The buzz in the air was palpable as soon as you entered the Town and Country Resort in San Diego. After almost three years apart, stepping into an in-person WordCamp US was nothing short of magical. Organizer Topher DeRosia likened the lobby to the arrivals area at an airport. People were hugging and laughing. It truly felt like coming home.
The entire weekend was an electric and energized feel. It wasn’t just a conference, it was a family reunion. After being stuck online since March 2020, being in person to talk about WordPress was inspiring.
The WordPress community is unlike any I’ve ever been a part of. There is so much support and kindness from people you may have only seen on Twitter. People were hungry to learn and improve WordPress and the web as a whole. It was a weekend unlike any other.
The organizers did an incredible job at providing two full days jam-packed with content. There was something for everyone.
Build Better Faster
On Saturday, Developer Advocate at WP Engine, Nick Diego set out to prove just how easy developing a block can be. In just 15 minutes, Diego created an automatic Hello Dolly block from start to finish.
The block editor can still feel very intimidating for some people but Diego’s talk proved just how powerful the community built tools and resources can be. If you missed it, check out his entire talk here:
Kicking off Sunday, Petya Raykovksa, Director of Agency Ops at Human Made, talked about the need for cultural intelligence. Though an entire company speaks the same language, if they are coming from different countries or communities, there may be huge communication gaps. Understanding and embracing those is the only way to run a multi-cultural company.
“You can’t know all things about all people,” Raykovksa said. “Cultural Intelligence is being able to suspend judgment before acting.”
Another fascinating talk was Design for Accessibility with Sara Cannon. It can feel overwhelming when someone tells you your site needs to be more accessible. Where do you even start? Cannon broke the idea down into easy design fixes anyone can do that will make a huge difference.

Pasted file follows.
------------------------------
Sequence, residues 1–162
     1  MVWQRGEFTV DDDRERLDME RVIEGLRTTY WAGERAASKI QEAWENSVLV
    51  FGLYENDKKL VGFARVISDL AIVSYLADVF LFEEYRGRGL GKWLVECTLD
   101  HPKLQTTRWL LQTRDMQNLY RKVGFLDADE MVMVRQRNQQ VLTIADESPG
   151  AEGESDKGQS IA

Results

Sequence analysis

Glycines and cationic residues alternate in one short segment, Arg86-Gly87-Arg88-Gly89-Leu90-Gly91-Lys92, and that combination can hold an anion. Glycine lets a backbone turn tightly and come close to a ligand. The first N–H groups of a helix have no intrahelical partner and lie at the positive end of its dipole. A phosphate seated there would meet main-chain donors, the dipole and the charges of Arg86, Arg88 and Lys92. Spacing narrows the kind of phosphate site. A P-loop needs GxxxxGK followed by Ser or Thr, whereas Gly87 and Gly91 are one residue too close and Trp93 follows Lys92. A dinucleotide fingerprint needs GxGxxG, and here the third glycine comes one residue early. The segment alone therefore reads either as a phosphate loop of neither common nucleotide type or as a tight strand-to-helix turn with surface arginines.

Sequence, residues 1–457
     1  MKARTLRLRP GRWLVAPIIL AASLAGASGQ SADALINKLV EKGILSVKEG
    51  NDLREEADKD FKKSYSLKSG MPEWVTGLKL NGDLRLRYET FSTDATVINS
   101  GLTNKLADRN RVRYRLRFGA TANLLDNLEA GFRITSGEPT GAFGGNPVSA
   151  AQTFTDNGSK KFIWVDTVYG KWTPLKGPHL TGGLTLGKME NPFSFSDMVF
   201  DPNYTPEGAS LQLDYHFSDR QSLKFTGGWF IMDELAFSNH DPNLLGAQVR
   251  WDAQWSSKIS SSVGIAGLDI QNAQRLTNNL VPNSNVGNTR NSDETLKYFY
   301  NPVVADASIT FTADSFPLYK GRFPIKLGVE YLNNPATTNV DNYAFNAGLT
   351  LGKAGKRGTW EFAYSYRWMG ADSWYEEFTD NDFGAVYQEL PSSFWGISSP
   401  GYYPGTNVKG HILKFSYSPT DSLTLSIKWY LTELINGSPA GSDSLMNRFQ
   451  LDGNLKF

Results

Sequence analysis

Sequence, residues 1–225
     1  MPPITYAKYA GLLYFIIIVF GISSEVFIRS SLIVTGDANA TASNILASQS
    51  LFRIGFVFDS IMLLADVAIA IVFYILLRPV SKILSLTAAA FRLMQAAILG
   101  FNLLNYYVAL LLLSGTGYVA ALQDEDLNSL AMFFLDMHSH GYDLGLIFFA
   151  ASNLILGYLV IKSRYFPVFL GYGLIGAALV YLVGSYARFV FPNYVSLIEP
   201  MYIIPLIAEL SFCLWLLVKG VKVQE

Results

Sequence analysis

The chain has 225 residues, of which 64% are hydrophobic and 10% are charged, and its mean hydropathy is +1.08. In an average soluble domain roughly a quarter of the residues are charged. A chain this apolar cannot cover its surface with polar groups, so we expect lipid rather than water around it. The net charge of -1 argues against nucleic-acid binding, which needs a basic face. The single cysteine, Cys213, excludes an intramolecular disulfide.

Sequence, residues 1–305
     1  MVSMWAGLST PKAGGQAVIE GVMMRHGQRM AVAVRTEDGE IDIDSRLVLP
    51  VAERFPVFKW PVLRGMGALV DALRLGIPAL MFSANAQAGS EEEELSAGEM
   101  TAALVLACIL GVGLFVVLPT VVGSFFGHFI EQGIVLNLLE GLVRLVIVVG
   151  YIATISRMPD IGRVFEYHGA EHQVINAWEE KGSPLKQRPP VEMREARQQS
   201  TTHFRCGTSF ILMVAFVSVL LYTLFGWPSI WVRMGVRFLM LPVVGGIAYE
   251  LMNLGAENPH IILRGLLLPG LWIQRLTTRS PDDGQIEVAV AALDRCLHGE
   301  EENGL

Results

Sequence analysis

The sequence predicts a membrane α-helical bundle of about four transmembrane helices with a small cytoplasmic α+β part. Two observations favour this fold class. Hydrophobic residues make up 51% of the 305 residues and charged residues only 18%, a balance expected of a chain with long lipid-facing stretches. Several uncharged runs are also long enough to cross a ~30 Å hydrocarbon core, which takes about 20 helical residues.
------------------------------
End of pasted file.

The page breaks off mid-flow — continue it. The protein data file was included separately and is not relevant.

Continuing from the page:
By paying attention to paragraph widths and simplifying body text, more people will be able to enjoy your site. It may seem like a lot of work but it is so worth it in the end.
“We are champions and creators of the internet and we have a moral obligation to make the web accessible to everybody,” Cannon said. “At the end of the day, great accessibility is empathy.”
A Chat with Matt
One of the highlights of the weekend was a Q and A with WordPress co-founder Matt Mullenweg. This is a staple of WordCamp US.
The hour started with a quick look at the upcoming 6.1. The new default theme will come with 10 different style variations. It’s something that will be included in future releases so if you have a design you want to see included be looking out for the 2024 default theme.
Shortly after that, Mullenweg began taking questions from the audience. People were eager to talk with him and a variety of topics were covered.
A Growing Ecosystem
As WordPress continues to grow and conquer more of the web, more and more companies will merge or be acquired. Especially in times of financial insecurity. Mullenweg was asked for his thoughts on this phenomenon in the WordPress space.
“I think mergers and acquisitions are value neutral and it’s more about what happens afterwards,” he said. “When we enter moments of economic uncertainty or when markets are super hot for there to be consolidation.”
Because companies have so much philosophical alignment, they can be a very good influence on each other. Though it can be incredibly hard to combine two companies, Mullenweg urged everyone to learn from each other. Make sure that the work doesn’t end when the deal is signed, but that both companies work to combine in a way that benefits each other.
Accessibility is Key
When the Gutenberg project was first introduced there were many concerns with accessibility. That has been a huge focus for the team and great strides have been made. One community member wanted to know what more will be done in the future.
A huge amount of work is being done on the block editor. He then urged for feedback from anyone who uses assistive devices with Gutenberg. We can’t know what needs to be improved if we aren’t seeing it ourselves, so use cases are huge.
A Global Community
WordPress is a global product but one community member was concerned translations aren’t enough of a priority seeing as they are slated to go in Phase 4 of Gutenberg which is the next phase.
According to Mullenweg, he is focused on getting more foundation laid before translations can be considered. There are many great plugins doing translations and they all use different models of data. There are a lot of moving parts when translating a site, and if the framework isn’t correctly, it won’t work.
The theme running through the entire weekend was the power of the community.
“When people ask me what the best part of WordPress is, my answer is always the people,” Mullenweg said.
Torque’s Doctor Popular conducting amazing interviews with great folks from around WordPress. You can watch them all here.
From start to finish, it was an incredible weekend. A hurricane couldn’t even stop the momentum!
If you missed a talk, the livestream is up and you can go back and watch as many times as you want.
Thank you so much to the organizers, volunteers and sponsors for creating such an incredible weekend. Next year’s WordCamp US will take place in New Harbor, Maryland. Can’t wait to see everyone there!
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